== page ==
Iron sulfide scale can be relatively common-place in maturing oil wells and produced water handling systems. Iron sulfide can also be commonly formed as a corrosion product, due to sour corrosion resulting from H2S containing fluids being processed through carbon steel tubulars. As more sour production is brought on-stream iron sulfide continues to become more prevalent. There are few options for removing deposits of iron sulfide scales especially when it comes to choice of chemistry. This paper discusses the most commonly performed techniques for iron sulfide removal, including hydrochloric acid, organic acids and THPS, and the varying degrees of success that these chemistries have in application. Challenges using hydrochloric acid are encountered due to the potentially high yield of H2S upon dissolution of the scale, along with FeCl2 and therefore the potential of secondary deposition.
This paper provides data on the development of a new dissolver for iron sulfide. Dissolver tests were performed initially on laboratory generated iron sulfide scale to optimize the formulation. Further testing was performed on different polymorphs of iron sulfide including pyrite, pyrrhotite, troilite, marcasite and mackinawite. Furthermore, several field scales were obtained and after XRD analysis, tested with the novel dissolver chemistry. It was shown that the new chemistry significantly outperformed THPS based dissolvers (active for active) and as well as 7.5% HCl. The corrosion rate of the novel chemistry was significantly lower than inhibited HCl and commercial THPS based blends. Testing was also performed at high pressure in order to understand the influence that pressure has on dissolution rates for all the commonly used dissolver chemicals. The new dissolver chemistry has significant chelating ability for sulfide scales as well as other ‘standard’ scale types including, calcium carbonate and calcium sulfate. The new product offers an effective multi-functional solution to dissolution of heterogeneous scale deposits.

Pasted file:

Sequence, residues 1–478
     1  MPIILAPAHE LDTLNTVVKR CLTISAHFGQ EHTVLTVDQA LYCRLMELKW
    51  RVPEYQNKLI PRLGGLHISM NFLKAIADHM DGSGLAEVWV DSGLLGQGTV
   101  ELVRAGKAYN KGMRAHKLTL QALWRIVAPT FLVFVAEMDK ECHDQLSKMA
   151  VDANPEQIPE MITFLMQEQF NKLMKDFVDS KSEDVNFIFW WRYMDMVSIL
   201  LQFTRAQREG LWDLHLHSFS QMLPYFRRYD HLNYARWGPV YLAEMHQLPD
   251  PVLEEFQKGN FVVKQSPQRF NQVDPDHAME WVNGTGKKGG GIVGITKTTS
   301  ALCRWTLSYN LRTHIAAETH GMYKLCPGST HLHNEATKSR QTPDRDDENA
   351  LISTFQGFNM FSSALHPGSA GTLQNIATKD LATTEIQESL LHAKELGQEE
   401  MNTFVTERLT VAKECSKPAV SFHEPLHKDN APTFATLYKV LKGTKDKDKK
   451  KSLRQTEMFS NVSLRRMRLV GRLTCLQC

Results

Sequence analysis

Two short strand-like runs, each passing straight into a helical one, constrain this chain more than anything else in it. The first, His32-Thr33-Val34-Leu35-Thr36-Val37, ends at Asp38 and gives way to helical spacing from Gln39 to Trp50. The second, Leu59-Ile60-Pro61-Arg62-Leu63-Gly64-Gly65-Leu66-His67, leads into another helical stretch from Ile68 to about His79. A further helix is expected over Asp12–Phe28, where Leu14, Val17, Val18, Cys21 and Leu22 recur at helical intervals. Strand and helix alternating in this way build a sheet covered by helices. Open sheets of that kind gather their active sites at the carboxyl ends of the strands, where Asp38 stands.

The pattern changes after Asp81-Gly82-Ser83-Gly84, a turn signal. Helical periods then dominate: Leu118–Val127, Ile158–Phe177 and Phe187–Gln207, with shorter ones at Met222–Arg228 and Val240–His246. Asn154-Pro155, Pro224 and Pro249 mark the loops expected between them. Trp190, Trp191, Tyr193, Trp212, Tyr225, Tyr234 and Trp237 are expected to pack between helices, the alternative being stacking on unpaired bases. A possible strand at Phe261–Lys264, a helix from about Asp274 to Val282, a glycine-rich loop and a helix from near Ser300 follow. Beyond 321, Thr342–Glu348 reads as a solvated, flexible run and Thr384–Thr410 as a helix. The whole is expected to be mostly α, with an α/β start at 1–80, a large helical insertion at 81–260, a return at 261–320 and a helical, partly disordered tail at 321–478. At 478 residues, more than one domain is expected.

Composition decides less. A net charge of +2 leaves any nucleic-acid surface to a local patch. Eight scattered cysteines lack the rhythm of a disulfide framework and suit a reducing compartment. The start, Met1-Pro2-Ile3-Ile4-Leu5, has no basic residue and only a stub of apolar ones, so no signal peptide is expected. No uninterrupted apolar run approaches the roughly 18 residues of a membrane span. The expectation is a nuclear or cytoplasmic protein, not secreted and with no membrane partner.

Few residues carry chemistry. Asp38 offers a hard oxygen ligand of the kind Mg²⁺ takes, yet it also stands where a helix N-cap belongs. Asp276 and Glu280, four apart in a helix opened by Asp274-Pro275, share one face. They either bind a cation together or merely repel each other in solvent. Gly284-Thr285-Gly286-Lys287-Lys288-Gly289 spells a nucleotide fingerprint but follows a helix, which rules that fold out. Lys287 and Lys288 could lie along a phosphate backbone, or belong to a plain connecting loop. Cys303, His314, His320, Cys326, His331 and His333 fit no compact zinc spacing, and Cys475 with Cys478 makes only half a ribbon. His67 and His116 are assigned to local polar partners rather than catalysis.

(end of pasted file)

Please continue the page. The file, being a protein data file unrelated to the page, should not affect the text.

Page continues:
The paper concludes with a case history of field application summarizing in detail the parameters of the field deployment and various KPIs used to measure success. The application is unusual as it was performed using a continuous injection method into an online system.